Oakley Cleans Up at Powder Awards

tanner.jpg

Oakley cleaned up at the 2008 Powder Video and Reader Poll Awards at the Hotel Jerome Saturday night is Aspen. Tanner Hall was hands down the man of the hour, taking 2nd in the Reader Poll, winning Best Performance by a Male, Best Line, and Movie of the Year for his film, Believe. Tanner literally swept the biggest night in skiing.

Oakley took a few more golden goblets, with Jon Olsson winning Best Manmade Air, Seth Morrison winning the Reader Poll (meaning he’s the favorite skier of the world’s most legit audience), Kye Peterson winning Breakthrough Performer, Jon Olsson winning Best Manmade Air and Grete Eliassen taking 3rd in the Reader Poll.

“We have to select one skier: the guy who shreds harder than all the rest, at the highest level in all aspects of skiing,” said Powder editor Derek Tayler. “That means big descents on huge mountains; innovative tricks; creativity, flow and general excellence. He is also at the mercy of his producers, cinematographers and editors, as well as his soundtrack. Everything has to go together in order to win Best Male. With such impressive performances from the men on this list, the competition was almost unheard of. But given all the criteria, the award went to Tanner Hall

Powder Magazine went on to say:

“No one in the sport right now is pushing as hard as Tanner, in all areas. His focus on backcountry skiing has elevated his game beyond the X Games in ways that have brought him newfound respect from some of the best big-mountain skiers. While his Alaska descents in Believe are relatively tame compared to something you might see from Jeremy Nobis—or Sage or Hjorleifson, for that matter—Tanner combines it with stunning footage of deep powder shots, and thrilling descents of pillow lines. Though some might question his musical choice of Tears for Fears for his Alaska segment, that’s merely a matter of taste. When you add it all up, Tanner had the best performance of the year.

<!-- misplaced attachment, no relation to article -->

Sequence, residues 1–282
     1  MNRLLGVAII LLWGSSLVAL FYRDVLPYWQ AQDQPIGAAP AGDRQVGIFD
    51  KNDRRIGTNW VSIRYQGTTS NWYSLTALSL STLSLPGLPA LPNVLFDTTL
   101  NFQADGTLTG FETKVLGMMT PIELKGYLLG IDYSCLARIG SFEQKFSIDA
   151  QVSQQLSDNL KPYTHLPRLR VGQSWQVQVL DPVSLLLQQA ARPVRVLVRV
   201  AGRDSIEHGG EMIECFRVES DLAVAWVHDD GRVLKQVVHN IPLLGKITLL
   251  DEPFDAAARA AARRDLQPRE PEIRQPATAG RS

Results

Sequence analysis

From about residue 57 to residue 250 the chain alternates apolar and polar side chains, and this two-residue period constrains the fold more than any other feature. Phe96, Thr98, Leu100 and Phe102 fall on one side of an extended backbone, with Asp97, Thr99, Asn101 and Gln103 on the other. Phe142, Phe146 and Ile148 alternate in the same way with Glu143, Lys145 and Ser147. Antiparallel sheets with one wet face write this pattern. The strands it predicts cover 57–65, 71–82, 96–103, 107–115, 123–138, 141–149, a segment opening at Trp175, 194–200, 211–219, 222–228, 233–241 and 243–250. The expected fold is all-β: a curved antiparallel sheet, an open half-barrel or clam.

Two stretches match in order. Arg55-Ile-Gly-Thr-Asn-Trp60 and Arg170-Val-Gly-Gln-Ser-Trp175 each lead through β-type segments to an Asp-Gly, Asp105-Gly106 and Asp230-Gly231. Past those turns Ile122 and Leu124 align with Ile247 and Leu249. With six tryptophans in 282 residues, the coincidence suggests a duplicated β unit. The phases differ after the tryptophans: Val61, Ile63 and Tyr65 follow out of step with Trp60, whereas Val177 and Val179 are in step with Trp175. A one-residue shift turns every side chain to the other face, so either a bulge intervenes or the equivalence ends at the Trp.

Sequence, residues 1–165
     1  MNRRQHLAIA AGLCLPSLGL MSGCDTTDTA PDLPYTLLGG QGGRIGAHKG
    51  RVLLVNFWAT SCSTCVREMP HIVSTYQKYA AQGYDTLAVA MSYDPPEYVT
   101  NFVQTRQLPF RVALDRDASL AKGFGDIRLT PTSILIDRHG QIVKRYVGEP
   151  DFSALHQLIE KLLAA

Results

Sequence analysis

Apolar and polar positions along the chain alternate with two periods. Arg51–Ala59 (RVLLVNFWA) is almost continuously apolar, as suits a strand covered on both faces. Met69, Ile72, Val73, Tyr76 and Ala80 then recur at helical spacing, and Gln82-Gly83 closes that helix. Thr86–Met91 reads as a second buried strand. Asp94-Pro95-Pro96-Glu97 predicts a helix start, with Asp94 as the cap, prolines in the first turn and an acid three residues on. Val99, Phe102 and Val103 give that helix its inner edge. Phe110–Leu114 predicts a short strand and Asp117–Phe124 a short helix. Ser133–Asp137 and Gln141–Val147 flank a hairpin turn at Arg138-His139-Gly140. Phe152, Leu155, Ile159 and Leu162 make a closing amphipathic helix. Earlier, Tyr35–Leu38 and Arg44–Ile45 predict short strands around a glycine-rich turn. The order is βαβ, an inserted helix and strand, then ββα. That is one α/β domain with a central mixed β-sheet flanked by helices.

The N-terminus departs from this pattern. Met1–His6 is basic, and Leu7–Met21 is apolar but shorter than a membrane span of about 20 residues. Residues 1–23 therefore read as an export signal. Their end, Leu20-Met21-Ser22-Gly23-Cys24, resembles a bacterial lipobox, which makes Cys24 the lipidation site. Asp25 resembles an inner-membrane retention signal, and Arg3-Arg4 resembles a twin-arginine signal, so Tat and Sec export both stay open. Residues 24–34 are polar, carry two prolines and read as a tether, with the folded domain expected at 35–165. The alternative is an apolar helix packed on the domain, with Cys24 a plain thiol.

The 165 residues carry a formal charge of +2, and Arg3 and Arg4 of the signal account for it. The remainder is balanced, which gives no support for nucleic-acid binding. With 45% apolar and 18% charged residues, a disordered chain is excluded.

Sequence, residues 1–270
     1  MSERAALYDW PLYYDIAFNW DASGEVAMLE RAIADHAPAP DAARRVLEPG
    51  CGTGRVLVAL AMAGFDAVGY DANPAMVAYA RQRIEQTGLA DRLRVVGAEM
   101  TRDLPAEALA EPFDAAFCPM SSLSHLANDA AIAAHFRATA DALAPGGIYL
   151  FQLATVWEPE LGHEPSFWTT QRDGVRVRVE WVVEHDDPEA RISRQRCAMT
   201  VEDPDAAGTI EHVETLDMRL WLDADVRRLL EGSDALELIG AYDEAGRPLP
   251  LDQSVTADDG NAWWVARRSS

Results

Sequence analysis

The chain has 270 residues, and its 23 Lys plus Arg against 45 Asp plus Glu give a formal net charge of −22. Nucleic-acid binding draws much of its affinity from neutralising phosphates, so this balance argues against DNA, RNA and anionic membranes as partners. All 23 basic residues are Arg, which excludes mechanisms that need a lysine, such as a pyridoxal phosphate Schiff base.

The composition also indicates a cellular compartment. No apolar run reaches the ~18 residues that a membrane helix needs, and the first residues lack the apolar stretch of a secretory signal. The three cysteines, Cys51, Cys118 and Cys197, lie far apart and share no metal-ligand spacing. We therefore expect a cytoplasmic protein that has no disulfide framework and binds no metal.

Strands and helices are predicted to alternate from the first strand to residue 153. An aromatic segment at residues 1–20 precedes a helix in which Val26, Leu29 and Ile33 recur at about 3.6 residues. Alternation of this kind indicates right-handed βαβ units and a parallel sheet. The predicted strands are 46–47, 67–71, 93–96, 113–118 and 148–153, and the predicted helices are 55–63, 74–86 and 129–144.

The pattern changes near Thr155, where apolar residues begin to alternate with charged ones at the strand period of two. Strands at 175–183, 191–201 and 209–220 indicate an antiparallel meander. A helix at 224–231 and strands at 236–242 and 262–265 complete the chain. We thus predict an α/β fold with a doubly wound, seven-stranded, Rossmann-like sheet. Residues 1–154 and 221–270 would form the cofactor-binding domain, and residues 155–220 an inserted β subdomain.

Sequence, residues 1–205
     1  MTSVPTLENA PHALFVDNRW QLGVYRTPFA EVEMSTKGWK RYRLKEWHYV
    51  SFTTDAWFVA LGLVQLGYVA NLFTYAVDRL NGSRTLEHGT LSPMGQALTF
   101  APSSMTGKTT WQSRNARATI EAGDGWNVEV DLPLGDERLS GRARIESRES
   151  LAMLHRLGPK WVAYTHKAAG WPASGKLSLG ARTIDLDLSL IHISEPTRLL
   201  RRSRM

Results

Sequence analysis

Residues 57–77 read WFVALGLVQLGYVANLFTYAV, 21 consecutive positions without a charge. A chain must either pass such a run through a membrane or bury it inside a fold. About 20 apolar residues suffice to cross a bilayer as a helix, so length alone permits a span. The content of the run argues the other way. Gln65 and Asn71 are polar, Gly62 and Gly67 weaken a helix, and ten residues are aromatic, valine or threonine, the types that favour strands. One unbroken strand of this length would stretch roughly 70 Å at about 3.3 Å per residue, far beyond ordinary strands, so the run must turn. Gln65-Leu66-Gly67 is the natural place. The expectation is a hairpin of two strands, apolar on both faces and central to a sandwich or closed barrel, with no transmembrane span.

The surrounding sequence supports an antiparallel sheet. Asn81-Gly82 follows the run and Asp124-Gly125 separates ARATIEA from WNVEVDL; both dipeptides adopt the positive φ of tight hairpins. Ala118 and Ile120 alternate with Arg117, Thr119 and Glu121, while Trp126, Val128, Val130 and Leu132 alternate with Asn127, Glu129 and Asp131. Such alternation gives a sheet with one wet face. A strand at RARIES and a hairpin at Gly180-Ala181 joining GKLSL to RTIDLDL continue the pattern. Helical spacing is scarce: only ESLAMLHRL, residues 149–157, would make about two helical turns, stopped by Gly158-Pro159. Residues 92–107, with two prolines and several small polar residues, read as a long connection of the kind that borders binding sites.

Tanner also took the prestigious Best Line award. According to Powder: Tanner created a line where none existed. His form was spot on, his speed was unquestionable and aggressive, and the line had serious consequence should he make a mistake.

Hall came up on stage one more time to claim Movie of the Year for Believe. Oakley’s Seth Morrison skiing alongside Tanner Hall in Believe was integral to the film winning the award for Movie of the Year. There are few people, if any, who can hang with Seth on big mountain faces, and no one lands bigger flips off giant cliffs. His 160-foot double front flip from Believe was one of the most insane stunts of the year—and he probably would’ve landed it had his binding not pulverized on impact.

As for Best Manmade Air, no one skier has been more determined to invent new tricks than Oakley’s 25-year-old Jon Olsson. Powder said: During the 2006-07 season, Olsson pioneered the dj flip and hexo flip—two tricks that nobody had conceived let alone performed. Although Charles Gagnier’s 1260 octograb was so tweaked it seemed like he blew a knee and Pep Fujas’ tail grab on his Dorian underflip oozed more style than Weird Al Yankovic, Olsson’s hexo flip from MSP’s Seven Sunny Days was the clear-cut winner. Matchstick Productions close-up shot on this provides the viewer a front-row seat to all the rotations and grabs involved. Congrats to Jon for continuing to innovate the sport and pushing youngsters to think beyond just on-axis spins.

Oakley’s Kye Peterson took the promising Breakthrough Performer award. Powder had this to say: Has any youngster created more buzz for big mountain descents than 17-year-old Kye Petersen? Doubtful. The little man from Whistler stomped everything in all three of his movie appearances in 2007—namely, Believe, Lost and Found, and Idea. He spun off cliffs and pillows, performed like a seasoned vet on big mountain descents, and skied alongside while nearly out-skiing the best in the industry.

Finally, the legendary Seth Morrison won the coveted Powder Magazine Reader Poll. Morrison has finished either first or second in all eight annual Reader Polls. And he has owned it as of late. Though he hasn’t won a Best Male Performance since the early years of the PVA’s, it’s obvious that he continues to thrill audiences with his balls-to-the-wall skiing, and ups the ante in every movie he’s in.